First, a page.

The 31-year-old Danish man, convicted of several crimes at Malmö District Court in 2003, was forbidden to return to Sweden for a period of 10 years. Having served his sentence however, he ignored the ban and was later rearrested for assaulting a woman in the southern Swedish town of Osby, Sydsvenskan writes.
Police discovered that the man did not have permission to enter the country and he was prosecuted for unauthorised residence. It was at this point however that a bureaucratic slip by the justice department was detected. Nobody at the department had supplied a provisional regulation as is customary when a new law replaces an older version, Sydsvenkan explains.
Since the man was arrested under the 1989 Aliens Act and there was no provisional regulation in place his case was not covered by the new Act, drawn up in 2005. Hässleholm District Court convicted him of assault but could not enforce the charge of unathorised residence.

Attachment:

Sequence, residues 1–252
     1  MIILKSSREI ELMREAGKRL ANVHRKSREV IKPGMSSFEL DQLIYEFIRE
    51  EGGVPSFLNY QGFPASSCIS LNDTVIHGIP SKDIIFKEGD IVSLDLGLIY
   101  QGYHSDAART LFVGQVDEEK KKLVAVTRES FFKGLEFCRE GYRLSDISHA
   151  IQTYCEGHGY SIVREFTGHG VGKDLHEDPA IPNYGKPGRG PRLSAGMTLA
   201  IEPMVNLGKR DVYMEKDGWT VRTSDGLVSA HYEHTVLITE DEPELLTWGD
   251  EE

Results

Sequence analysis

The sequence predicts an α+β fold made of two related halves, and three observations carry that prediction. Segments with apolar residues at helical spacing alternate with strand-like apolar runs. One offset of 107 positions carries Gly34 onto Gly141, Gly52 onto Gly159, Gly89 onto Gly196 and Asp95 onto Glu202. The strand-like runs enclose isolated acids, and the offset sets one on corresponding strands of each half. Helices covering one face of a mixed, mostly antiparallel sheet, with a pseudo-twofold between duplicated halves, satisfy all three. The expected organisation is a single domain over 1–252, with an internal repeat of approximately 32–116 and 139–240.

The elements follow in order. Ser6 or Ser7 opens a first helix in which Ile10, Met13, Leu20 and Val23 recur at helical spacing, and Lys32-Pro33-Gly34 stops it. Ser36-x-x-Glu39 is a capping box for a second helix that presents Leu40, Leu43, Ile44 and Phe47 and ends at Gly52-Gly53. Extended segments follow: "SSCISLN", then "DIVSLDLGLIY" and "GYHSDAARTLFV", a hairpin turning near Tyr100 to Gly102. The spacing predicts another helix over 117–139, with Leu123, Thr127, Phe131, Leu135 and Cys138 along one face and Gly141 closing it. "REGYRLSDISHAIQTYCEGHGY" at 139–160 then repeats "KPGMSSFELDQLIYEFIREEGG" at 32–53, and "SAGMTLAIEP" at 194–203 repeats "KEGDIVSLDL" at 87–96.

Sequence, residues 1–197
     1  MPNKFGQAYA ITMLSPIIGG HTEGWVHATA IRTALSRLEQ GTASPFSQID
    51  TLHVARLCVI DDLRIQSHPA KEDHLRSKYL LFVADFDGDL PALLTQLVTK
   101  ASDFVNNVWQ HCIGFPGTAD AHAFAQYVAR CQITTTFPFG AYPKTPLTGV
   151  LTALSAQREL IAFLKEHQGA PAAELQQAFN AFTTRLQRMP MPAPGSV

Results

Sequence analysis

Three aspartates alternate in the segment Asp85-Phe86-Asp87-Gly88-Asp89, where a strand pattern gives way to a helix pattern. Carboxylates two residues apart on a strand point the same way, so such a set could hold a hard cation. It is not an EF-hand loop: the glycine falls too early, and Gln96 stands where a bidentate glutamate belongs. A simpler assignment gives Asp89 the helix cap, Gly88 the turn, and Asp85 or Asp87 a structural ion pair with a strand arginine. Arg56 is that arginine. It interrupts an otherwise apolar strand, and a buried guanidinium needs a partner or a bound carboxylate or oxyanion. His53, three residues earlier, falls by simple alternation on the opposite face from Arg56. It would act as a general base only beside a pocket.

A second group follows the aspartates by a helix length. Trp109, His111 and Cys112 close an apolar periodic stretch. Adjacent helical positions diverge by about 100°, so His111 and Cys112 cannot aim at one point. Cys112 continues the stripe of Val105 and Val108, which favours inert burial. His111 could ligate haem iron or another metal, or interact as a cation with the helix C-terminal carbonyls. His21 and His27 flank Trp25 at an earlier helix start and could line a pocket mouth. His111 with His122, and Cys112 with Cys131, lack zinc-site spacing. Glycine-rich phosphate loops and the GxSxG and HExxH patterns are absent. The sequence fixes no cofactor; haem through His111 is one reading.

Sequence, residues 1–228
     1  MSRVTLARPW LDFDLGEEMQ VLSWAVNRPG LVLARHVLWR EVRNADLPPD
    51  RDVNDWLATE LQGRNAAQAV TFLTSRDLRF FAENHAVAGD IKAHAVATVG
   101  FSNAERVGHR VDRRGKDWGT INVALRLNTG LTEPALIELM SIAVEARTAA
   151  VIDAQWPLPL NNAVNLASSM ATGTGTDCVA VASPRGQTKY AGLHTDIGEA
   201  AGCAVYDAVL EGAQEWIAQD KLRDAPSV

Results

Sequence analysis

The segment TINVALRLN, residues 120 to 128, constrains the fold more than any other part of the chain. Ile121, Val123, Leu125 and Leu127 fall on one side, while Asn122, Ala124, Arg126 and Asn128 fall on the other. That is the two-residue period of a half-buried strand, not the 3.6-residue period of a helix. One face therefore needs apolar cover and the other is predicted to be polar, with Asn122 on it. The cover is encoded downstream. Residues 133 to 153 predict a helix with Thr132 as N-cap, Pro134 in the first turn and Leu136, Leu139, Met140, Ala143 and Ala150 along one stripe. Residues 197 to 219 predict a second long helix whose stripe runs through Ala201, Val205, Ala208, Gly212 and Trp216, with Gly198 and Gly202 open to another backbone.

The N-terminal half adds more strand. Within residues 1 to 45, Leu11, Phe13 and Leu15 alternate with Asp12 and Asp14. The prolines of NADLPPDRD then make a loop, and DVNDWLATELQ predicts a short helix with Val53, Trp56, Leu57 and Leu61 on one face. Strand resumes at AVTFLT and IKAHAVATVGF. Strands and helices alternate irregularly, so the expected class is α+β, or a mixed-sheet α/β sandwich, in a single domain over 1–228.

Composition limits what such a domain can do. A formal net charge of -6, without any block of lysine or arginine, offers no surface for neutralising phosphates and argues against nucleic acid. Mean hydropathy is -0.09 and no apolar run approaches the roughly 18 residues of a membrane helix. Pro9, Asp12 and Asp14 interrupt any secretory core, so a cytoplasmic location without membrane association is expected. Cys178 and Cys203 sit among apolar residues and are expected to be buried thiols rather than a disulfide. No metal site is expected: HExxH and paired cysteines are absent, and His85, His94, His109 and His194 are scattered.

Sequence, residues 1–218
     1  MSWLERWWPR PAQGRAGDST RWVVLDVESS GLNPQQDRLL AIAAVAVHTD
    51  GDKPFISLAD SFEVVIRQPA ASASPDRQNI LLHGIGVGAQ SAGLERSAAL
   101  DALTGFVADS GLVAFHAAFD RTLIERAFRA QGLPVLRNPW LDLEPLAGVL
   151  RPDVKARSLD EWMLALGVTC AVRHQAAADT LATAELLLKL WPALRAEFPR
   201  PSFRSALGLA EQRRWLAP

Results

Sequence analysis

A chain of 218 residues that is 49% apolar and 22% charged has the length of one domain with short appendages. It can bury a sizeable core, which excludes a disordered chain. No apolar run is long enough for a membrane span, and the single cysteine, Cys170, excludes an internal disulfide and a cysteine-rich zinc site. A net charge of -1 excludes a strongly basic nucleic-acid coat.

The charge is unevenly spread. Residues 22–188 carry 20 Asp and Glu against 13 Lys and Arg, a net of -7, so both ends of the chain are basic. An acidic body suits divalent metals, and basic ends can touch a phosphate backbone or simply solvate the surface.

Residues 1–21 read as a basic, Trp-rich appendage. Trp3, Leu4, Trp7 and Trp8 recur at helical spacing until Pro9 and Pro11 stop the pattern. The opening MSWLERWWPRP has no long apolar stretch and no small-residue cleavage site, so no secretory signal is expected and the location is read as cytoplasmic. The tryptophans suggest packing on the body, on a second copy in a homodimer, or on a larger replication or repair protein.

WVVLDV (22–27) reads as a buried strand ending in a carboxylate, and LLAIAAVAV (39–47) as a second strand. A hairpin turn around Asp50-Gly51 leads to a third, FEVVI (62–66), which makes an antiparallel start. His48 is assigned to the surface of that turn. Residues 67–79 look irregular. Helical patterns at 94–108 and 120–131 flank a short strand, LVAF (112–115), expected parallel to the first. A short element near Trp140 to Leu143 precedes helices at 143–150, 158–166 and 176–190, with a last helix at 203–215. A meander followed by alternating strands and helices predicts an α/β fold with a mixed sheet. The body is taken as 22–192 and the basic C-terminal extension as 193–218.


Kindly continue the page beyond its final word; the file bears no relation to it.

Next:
The case was then referred to the Court of Appeal in Malmö. the court regretted the bureacratic error but added that it was not the law’s intention to open up the borders to deported criminals. The court this time ruled against the Dane. But he appealed.
The Supreme Court has now agreed to take up the case. Sydsvenskan concludes that if the Supreme Court agrees with the original verdict reached at Hässleholm District Court it could provide carte blanche for all criminals deported under the old law to return to Sweden without running the risk of arrest.